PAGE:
[Skip to content]

Print this page
.

6.4 Sex hormones

Click here for warning on HRT from the MHRA

6.4.1.1 Oestrogens and HRT

Premarin tablets
Elleste-Solo tablets
Estradiol implants (unlicensed)
Evorel patches applied twice a week (second line preparation)
FemSeven patches applied once a week (second line preparation)
Raloxifene - specialist use only
Tibolone tablets

Note:

Raloxifene is supported by NICE for the treatment and prevention of vertebral fractures in women at increased risk of osteoporosis. It has no effect on menopausal vasomotor symptoms.

 

6.4.1.2 Progestogens

Norethisterone tablets
Medroxyprogesterone Tablets
Progesterone (Cyclogest) pessaries, Utrogestan capsules (unlicensed, used in IVF/ICSI treatment)

Note:

Progestogens may be used to treat dysmenorrhoea and endometriosis. Prophylactic vaginal progesterone is also recommended for women with a history of spontaneous preterm birth or mid‑trimester loss between 16+0 and 34+0 weeks of pregnancy and in whom a transvaginal ultrasound scan has been carried out between 16+0 and 24+0 weeks of pregnancy that reveals a cervical length of less than 25 mm (see nice guideline). Efficacy of progesterone in pre-menstrual syndrome is more controversial. They are relatively ineffective at reducing blood loss in menorrhagia or dysfunctional uterine bleeding (see DUB guidelines).

Progesterone receptor modulators
Ulipristal acetate tablets - GREEN after Consultant/Specialist initiation: for symptomatic fibroids, in accordance with local clinical guideline and an individualised management plan (link).
COMBINED PREPARATIONS
Sequential
Elleste-Duet tablets
Femoston tablets - alternative oral preparation for progesterone sensitive patients
Evorel Sequi patches - note: second line preparation

 

Continuous combined
Premique Low Dose tablets
Femoston Conti tablets - alternative oral preparation for progesterone sensitive patients
Kliofem tablets
Kliovance tablets - low dose
Evorel Conti

Notes:

1. CSM warning - October 1996 The relative risk of venous thromboembolism appears to be two-to-four fold in current users of HRT. There appears to be no evidence of important differences between types of preparations of HRT. The risks are likely to be greater in women with predisposing factors such as personal history of DVT or PE, severe varicose veins, obesity, surgery, trauma or prolonged bed rest. The advice is to review the need for treatment in women with these risk factors, as in some cases the risks of HRT may be expected to outweigh the benefits.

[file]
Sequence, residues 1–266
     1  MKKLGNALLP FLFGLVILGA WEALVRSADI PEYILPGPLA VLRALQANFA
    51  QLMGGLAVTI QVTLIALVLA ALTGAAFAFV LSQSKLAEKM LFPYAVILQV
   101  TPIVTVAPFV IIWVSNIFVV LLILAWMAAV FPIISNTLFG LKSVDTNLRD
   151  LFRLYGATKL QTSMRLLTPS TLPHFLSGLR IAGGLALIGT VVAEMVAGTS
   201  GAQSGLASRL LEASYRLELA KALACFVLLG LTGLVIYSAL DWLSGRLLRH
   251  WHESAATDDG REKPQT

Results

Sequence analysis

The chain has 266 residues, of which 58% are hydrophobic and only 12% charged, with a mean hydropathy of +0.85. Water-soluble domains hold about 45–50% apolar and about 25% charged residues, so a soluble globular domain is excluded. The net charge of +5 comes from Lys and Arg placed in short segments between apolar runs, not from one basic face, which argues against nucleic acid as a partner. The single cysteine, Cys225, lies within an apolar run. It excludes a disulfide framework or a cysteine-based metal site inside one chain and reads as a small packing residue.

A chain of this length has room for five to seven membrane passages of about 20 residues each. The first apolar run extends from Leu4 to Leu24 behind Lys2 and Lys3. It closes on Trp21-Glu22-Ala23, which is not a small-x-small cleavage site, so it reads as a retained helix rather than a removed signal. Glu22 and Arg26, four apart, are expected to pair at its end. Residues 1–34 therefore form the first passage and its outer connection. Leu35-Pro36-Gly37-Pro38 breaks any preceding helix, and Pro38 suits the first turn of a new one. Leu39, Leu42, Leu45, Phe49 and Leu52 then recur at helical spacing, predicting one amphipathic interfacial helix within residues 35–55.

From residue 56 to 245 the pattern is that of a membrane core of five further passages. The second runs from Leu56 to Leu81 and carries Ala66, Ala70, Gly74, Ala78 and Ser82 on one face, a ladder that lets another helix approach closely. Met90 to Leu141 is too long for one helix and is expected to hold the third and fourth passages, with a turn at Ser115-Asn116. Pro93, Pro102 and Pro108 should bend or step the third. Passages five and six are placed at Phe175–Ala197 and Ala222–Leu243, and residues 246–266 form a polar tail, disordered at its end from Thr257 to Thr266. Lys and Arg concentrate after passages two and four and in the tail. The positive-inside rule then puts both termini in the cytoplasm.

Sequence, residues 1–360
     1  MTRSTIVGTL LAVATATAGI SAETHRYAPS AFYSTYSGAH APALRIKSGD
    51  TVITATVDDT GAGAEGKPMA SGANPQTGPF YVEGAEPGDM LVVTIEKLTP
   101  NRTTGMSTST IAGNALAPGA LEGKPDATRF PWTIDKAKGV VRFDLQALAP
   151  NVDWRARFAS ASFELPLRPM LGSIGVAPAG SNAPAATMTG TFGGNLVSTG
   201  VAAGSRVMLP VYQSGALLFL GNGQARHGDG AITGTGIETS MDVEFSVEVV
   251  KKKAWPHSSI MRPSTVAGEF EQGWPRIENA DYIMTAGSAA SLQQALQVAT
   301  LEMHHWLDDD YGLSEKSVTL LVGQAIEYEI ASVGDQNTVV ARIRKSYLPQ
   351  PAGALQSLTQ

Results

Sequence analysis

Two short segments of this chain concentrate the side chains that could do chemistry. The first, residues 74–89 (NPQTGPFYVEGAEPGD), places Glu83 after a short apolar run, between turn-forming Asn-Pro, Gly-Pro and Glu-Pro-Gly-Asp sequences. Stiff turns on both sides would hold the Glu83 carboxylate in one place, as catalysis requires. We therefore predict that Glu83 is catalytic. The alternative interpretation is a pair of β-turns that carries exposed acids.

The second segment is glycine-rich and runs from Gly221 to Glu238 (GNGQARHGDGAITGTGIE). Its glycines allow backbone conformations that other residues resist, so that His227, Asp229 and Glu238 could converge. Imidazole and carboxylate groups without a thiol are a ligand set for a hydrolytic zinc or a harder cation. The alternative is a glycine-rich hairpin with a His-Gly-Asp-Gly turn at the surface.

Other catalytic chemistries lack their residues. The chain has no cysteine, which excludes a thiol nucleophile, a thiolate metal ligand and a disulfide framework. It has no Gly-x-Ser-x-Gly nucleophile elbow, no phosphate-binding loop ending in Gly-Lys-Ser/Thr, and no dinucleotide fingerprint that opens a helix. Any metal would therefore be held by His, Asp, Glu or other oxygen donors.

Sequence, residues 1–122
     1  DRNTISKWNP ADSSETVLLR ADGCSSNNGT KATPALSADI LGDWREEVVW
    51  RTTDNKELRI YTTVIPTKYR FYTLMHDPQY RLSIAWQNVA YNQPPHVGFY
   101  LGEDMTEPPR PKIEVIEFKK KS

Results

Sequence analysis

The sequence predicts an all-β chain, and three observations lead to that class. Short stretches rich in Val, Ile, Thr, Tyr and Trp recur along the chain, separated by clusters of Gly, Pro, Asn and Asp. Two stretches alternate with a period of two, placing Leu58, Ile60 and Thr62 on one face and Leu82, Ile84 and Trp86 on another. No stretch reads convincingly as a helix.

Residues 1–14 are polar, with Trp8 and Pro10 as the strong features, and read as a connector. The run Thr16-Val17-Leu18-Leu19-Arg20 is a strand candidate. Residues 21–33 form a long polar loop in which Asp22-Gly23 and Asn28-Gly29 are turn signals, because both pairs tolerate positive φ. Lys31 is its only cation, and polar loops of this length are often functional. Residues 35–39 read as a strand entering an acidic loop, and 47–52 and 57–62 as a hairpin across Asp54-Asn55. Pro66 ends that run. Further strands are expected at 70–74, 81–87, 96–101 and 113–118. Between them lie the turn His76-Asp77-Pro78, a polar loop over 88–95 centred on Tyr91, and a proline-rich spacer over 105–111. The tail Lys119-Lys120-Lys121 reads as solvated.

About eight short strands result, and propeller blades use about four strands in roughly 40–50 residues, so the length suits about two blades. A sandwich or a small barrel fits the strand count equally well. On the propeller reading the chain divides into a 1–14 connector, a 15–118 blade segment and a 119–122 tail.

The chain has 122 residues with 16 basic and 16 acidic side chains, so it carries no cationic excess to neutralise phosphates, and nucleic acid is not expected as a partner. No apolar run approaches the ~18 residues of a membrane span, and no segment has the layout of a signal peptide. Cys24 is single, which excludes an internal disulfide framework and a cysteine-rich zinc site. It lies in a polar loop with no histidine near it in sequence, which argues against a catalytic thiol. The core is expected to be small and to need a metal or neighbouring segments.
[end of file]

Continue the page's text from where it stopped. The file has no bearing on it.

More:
2. Continuous oestrogen alone is suitable for hysterectomised patients; non-hysterectomised women should be given combined oestrogen/progestogen treatment, with cyclical progestogen for 12 to 14 days of the cycle to protect the endometrium from hyperplasia and minimise the risk of endometrial carcinoma. Those given sequential combined oestrogen replacement are likely to experience a withdrawal bleed when starting the new pack. Premarin/Prempak-C should be viewed as first line products. 'Older' progestogens may produce better cycle control.

3. Oestrogen patches for hormone replacement have not been shown to provide a clear advantage in terms of cardiovascular disease or bone loss and are more expensive, but may be preferred by some patients.

4. Topical oestrogen is useful for the short-term treatment of urogenital symptoms, it improves the quality of the vaginal epithelium and increases resistance to infection. Note that it is suitable only for local problems, not for prevention of osteoporosis. The minimum effective amount should be used as systemic absorption occurs. A progestogen should be used if treatment is continued for more than a few weeks in non-hysterectomised women.

5. In younger women with intact uterus requiring oestrogen replacement, the combined oral contraceptive pill is equally effective, considerably cheaper, and has not been shown to be inferior in terms of possible side effects.

6. Vaginal Progesterone suppositories - may be inserted rectally or vaginally.

 

6.4.2 Male sex hormones and antagonists

Testosterone undecanoate (Nebido) injection
Testosterone propionate depot (Sustanon) injection
Testosterone Gel
Mesterolone tablets
Cyproterone acetate tablets
Finasteride tablets - see note
Dutasteride Capsules - see note
Combodart (tamsulosin + dutasteride)

 

Notes:

1. Alpha-blockers remain the drug of first choice for the medical management of benign prostatic hypertrophy (see 7.4.1).

2. Testosterone patches are not included, as the increased cost is not justified by any clinical benefit. Oral testerone preparations are often ineffective and parenteral preparations preferred.

3. Patients with existing meningioma or a history of meningioma must not be prescribed
high-dose (>25 mg per day) cyproterone acetate. This advice does not apply to low-dose
cyproterone acetate products such as co-cyprindiol (Dianette). See the MHRA Drug Safety Update for October 2009.

4. Finasteride has been associated with rare reports of depression and suicidal thoughts (Link to DSU)

5. Dutasteride is reserved for management of patients with severe symptoms related to benign prostate hyperplasia who do not respond to finasteride or intolerant of it.

 

For link to BNF section: 6.4 Sex hormones